On February 10, 1990, two men staged a vicious execution in a bowling alley in Las Cruces, New Mexico. They shot seven people, killed four, and vanished without a trace. Employees of the bowling alley (two of whom had brought their children) had gathered to open up that Saturday morning when two men burst into the alley intent on robbery. The seven were herded into the bowling alley’s office and shot at close range. The gunmen stole some $4,000 to $5,000, set fire to the office, and left. One of the victims, 12-year-old Melissia Repass, managed to call the police for help even though she had been shot five times. The dead included 26-year-old Steve Teran, the bowling alley mechanic, his two-year-old daughter Valerie, Melissia’s 12-year-old friend Amy Houser, and six-year-old Paula Hoguin.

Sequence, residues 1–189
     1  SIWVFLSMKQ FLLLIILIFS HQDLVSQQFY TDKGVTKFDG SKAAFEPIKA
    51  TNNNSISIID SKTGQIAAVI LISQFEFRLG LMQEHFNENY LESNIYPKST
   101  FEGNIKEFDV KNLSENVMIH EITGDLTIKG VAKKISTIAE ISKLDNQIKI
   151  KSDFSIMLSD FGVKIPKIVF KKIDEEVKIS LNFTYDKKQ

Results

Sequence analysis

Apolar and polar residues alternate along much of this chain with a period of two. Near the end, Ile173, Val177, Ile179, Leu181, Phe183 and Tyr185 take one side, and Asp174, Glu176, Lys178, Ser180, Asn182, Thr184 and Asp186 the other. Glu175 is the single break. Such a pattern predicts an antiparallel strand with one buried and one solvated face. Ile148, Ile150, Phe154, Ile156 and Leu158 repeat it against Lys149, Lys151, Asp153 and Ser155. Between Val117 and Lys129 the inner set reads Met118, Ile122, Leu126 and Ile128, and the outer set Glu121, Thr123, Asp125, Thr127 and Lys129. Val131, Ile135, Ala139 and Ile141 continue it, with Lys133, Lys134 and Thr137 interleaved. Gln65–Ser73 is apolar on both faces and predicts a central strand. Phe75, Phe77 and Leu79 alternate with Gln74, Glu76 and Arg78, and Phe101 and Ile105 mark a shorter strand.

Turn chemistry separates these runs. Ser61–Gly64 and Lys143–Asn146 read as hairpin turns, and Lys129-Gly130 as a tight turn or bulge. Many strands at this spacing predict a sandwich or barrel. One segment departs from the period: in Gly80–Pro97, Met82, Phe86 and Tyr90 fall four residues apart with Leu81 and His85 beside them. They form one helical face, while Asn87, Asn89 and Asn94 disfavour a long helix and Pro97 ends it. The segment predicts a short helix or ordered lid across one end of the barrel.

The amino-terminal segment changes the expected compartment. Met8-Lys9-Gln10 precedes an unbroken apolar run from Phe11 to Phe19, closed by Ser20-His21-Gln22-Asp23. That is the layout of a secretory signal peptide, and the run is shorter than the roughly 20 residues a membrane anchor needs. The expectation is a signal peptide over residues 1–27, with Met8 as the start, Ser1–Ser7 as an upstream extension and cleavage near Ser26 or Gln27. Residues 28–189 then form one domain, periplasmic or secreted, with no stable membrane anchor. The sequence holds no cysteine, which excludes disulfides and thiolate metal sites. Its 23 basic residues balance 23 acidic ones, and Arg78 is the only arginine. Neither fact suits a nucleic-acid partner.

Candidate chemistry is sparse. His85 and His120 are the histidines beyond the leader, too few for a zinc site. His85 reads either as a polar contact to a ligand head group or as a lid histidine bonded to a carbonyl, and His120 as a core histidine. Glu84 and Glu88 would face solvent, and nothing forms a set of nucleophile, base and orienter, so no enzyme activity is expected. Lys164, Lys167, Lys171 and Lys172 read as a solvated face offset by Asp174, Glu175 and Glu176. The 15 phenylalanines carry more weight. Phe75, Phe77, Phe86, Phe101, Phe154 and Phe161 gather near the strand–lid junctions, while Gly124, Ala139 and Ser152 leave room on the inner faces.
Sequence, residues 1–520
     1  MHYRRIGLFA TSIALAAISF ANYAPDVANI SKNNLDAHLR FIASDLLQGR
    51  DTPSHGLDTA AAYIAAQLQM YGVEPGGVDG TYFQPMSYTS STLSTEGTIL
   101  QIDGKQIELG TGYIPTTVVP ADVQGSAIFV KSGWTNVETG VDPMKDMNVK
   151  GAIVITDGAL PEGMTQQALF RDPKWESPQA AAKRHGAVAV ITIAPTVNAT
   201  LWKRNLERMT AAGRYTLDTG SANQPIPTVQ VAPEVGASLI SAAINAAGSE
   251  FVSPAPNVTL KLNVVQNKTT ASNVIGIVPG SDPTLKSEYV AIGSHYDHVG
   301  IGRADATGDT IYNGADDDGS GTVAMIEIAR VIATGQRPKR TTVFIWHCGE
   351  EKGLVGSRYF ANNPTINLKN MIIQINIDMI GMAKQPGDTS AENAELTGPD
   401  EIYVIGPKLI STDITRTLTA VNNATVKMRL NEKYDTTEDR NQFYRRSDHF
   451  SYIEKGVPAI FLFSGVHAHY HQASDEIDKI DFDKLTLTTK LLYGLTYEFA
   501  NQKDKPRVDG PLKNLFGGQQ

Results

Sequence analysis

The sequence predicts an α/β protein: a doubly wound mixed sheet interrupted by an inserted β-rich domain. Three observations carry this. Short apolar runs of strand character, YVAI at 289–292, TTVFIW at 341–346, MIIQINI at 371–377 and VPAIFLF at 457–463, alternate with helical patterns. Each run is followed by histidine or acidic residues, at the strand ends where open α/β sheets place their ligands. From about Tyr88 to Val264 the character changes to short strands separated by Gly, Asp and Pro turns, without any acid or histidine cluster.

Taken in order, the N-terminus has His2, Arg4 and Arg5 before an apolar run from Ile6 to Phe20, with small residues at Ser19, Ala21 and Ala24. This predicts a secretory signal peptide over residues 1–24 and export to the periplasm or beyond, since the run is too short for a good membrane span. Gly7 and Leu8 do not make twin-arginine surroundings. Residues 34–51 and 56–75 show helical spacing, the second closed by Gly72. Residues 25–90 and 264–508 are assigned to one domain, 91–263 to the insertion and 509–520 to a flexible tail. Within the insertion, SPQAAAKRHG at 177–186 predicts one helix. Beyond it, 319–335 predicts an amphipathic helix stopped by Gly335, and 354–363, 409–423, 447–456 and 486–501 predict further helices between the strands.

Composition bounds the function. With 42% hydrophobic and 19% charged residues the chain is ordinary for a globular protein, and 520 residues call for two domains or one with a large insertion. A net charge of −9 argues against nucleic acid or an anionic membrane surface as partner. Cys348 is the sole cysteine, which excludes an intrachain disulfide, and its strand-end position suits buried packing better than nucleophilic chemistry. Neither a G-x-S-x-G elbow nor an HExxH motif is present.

The killers were described as Hispanic men, one around 30, and another around 45 or 50. They were never caught. Whether the killings were motivated by revenge or were merely an attempt to eliminate witnesses of the robbery remains unknown. A civil suit was brought against the bowling alley’s owner by the mother of Amy Houser, but jurors eventually found he was not liable. A documentary, called A Nightmare in Las Cruces, was released in 2010.